Stonehenge – Wednesday 8th May
The field of rape opposite the new visitor centre site is now the brightest, sharpest, lemon yellow and the sweet sickly scent of the flowers stays with us all the way to Fargo Woods.
Stonehenge is busy, the walkway around the monument tightly packed. It’s cloudy with hardly a hint of blue in the sky but at least it’s light and the temperature mild.
Mark is sitting in his usual place, the chosen trilithon directly in his view, his drawing board on his lap.
Three South-east Asian boys come by and look over his shoulder, one of them gets his camera ready while another of them bends down close to Mark and puts his thumbs up. His mate takes his photo then ushers him away to get a clean shot of the Stonehenge Artist and his silverpoint drawing.
The other side of Mark on the tarmac path, three Russian girls are trying, trying, trying to get the perfect jumping shot. They count down, jump, then cluster around the camera to review the image immediately. They’re having great fun but clearly failing to get a picture they want. I wonder if I should suggest the photographer goes low and takes a photo looking up at them? It’s a trick I’ve learned this year, the way to get clear space between feet and the ground, but I leave them to it.
One of the custodians asks me if Mark and I have been to Old Sarum to see the Neolithic type huts they’ve been building as prototypes for the new visitor centre. We haven’t, though we’ve spotted them from the road. Plans for the new visitor centre include a kind of reconstructed village with huts and people. I can’t get the image of Raquel Welsh in ‘One Million Years BC’ out of my head, all bouffant and eyeliner with some serious support in carefully tailored chamois leather. But it’ll probably involve people dressed in linen. I met some Viking re-enactors once who were also Roman Centurions some weekends. I’m sure the costumes played a significant part in their choice of historical period.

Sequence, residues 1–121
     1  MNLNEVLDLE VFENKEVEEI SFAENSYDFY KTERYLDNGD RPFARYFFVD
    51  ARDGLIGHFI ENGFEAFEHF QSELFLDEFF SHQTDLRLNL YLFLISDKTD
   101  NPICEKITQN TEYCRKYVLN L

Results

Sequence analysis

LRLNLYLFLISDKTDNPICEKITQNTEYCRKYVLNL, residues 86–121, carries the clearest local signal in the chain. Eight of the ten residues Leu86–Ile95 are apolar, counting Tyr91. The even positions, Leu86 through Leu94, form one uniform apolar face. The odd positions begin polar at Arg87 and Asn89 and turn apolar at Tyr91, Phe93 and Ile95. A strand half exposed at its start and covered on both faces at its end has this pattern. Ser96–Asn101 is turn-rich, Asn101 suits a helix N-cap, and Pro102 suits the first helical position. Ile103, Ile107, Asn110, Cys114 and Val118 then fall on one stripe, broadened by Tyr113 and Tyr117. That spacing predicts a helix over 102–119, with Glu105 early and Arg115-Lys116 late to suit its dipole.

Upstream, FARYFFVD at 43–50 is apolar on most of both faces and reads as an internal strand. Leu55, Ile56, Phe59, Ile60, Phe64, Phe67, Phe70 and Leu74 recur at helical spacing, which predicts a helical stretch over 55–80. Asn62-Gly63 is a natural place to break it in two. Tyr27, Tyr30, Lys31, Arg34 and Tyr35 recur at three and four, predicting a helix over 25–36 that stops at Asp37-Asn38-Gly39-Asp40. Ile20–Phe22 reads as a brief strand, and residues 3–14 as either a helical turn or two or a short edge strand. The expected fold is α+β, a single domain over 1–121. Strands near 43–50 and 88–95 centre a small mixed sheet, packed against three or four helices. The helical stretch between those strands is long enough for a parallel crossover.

Outside the chain-link fence, a man is giving a woman a piggyback so that she can get a clear photograph of the stone circle over the wire. Inside the fence, another tourist spreads herself wide into a star shape.
One of the custodians takes a bundle from his pocket and unrolls a pair of waterproof trousers. He proceeds to climb into them. Typical. Mark must have smelt the rain and is wearing his waterproof coat but I came up without mine. The sky grows blacker and I beat a hasty retreat back to the car park and the shelter of the truck.
Through the back window I watch the rooks squabbling over a substantial piece of apple someone’s thrown into the field. One of the larger birds actually picks it up and hobbles across the grass, the apple dangling from its beak.
There appears to be some order to who gets a turn at the core, but before long, it’s completely consumed and the birds scatter to find more cast offs.
A large black coach drives through the car park announcing London to Bicester Village. The afternoon is getting on. If it isn’t late night opening at the shopping village this coach load could be very disappointed. Or maybe they’ve already been? Retail therapy and a bit of heritage culture all in one day… Exhausting…